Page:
In our Intro to 64-bit, we mention that the limit for a 32-bit process (by default) in Win-32 is 2 GB. Likewise, we mention that the limit for a 64-bit process is 8 TB. I recently received a mail in which the author was telling me that he wrote a 64-bit app that requested memory by means of malloc and that it would stop around 6 GB, which was nowhere close to the 8 TB we talked about.
After some e-mails back and forth I found the specs for his system: EM64T with 4 GB of memory. It just so happens, that the memory your application can use is limited by how big your page file is + the amount of physical RAM you have.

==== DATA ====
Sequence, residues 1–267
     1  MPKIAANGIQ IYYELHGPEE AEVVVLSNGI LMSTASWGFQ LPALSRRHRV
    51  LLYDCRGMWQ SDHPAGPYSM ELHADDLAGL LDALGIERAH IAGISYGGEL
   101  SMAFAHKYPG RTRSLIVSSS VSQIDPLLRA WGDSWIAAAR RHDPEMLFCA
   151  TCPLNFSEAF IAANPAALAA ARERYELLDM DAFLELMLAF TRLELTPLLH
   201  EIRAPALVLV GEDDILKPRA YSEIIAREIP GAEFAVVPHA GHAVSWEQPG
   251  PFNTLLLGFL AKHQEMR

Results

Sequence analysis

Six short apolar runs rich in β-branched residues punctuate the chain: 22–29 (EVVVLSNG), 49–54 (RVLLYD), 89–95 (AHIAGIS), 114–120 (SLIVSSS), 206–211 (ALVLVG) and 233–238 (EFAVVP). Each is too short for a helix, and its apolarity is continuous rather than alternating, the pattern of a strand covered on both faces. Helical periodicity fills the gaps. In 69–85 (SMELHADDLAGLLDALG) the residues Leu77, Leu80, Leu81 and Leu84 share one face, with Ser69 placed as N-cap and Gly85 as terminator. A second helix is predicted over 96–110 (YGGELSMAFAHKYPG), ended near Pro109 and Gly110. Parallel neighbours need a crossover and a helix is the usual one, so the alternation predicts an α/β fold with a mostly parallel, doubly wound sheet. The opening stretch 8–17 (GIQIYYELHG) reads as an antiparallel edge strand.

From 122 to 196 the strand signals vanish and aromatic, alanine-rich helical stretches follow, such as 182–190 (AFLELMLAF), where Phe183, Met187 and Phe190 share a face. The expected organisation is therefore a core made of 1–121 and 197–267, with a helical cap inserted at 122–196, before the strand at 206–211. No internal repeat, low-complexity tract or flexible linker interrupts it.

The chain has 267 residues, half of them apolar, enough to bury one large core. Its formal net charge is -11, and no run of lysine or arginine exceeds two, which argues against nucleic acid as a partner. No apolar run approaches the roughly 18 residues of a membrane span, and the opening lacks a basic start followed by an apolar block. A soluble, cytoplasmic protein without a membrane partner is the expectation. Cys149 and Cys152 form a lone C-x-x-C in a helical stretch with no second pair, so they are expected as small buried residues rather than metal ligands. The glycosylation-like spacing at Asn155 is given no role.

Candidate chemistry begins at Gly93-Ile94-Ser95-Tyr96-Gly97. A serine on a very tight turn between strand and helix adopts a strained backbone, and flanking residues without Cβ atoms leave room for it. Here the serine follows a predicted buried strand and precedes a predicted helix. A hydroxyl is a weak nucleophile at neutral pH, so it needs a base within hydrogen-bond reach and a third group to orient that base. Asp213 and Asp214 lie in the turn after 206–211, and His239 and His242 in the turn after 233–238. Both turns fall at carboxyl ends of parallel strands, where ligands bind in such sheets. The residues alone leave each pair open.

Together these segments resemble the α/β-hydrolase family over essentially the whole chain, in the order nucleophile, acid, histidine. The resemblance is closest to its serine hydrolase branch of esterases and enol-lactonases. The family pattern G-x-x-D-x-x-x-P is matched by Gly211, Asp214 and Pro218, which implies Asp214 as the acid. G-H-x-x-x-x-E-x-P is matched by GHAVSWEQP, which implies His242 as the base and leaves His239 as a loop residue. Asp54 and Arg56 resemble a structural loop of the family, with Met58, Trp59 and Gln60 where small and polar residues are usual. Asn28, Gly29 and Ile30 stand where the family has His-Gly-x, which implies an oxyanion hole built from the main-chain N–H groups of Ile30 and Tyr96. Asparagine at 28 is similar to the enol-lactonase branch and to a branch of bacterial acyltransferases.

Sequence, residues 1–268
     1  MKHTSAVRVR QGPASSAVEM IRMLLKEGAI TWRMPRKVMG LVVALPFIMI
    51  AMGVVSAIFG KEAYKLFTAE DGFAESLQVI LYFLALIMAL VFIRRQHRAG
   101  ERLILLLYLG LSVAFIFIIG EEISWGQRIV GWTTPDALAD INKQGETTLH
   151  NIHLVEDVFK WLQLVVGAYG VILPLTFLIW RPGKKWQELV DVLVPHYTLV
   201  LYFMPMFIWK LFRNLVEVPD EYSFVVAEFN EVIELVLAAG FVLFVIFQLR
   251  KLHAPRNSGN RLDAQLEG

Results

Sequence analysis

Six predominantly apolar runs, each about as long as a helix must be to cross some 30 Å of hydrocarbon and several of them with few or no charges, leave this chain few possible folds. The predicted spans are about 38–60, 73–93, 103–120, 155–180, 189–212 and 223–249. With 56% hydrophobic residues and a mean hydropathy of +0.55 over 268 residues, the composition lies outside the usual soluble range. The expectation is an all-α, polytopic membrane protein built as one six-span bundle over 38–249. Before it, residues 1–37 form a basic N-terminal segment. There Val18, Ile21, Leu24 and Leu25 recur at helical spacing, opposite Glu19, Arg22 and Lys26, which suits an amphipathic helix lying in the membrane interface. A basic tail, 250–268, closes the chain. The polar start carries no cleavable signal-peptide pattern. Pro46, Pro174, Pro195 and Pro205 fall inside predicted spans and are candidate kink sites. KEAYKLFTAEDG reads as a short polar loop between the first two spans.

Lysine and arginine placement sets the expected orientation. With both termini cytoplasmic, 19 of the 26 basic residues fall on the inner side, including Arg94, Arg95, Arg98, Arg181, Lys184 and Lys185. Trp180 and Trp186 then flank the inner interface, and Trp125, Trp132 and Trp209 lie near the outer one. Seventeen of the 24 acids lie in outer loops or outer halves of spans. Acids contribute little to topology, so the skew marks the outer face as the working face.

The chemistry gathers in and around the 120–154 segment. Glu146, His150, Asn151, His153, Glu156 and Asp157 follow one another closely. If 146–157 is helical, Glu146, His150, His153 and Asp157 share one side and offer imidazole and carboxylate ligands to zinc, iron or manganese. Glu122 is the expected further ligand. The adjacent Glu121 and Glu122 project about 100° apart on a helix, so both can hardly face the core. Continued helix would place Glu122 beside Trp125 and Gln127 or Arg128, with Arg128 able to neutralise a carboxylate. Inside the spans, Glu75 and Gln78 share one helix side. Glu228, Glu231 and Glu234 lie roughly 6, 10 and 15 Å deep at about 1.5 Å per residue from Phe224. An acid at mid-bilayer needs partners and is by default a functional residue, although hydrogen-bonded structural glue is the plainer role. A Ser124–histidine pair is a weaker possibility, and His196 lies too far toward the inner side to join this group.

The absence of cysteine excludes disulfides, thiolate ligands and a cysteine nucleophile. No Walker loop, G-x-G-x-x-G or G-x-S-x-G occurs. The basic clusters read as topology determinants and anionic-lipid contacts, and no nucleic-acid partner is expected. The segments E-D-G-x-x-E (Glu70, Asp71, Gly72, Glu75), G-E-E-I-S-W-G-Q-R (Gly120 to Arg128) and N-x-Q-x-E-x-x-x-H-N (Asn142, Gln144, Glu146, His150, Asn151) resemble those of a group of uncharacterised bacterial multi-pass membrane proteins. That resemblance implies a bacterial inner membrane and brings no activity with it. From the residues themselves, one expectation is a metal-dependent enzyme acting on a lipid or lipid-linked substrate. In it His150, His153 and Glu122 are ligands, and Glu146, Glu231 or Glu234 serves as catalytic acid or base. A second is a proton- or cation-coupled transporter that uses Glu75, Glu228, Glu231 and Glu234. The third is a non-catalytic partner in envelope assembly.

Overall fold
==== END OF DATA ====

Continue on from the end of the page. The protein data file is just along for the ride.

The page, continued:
In this case, the machine had 4 GB of RAM, the page file size was about 4 GB. If you open your task manager and look under the performance tab, you will find stats for "Limit" which is how much memory is available in your system. This number should be very close to your page file size + your physical RAM.
You can change the Page file size under the performance properties of your computer, and by doing so, you could modify the settings so that your "Limit" can increment.
In our tests we incremented the page file size to 11 GB. When our "memory hog" application was running, the limit was dynamically increased and could allocate about 17 GB of RAM. Keep in mind that the more paging you are doing, the slower things will be.